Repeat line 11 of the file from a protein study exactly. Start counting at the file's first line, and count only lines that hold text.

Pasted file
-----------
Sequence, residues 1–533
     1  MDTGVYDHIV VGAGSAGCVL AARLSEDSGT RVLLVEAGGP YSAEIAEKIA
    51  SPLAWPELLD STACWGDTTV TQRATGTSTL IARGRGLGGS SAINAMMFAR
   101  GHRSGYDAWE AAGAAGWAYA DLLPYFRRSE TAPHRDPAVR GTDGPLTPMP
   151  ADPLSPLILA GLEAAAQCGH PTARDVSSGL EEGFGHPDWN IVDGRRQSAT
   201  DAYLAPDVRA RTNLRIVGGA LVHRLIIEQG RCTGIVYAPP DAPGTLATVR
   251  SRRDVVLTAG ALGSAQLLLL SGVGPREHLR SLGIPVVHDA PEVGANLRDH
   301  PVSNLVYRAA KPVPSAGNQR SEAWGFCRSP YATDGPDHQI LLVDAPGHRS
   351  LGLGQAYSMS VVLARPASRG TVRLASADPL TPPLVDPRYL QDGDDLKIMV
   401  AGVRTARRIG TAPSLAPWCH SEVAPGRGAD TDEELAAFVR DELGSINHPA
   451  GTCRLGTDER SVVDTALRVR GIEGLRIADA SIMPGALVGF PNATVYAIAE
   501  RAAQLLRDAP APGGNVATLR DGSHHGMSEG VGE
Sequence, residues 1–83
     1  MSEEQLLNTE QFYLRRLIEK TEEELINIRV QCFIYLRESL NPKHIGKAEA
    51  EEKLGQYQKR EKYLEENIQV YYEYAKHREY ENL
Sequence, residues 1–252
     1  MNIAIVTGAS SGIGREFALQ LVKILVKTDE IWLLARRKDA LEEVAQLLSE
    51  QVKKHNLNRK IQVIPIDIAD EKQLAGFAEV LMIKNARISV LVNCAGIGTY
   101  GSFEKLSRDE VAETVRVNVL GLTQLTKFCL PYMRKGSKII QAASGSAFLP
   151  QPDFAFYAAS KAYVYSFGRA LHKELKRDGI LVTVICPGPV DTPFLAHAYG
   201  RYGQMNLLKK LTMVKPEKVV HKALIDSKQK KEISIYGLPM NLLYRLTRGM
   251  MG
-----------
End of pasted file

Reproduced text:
   451  GTCRLGTDER SVVDTALRVR GIEGLRIADA SIMPGALVGF PNATVYAIAE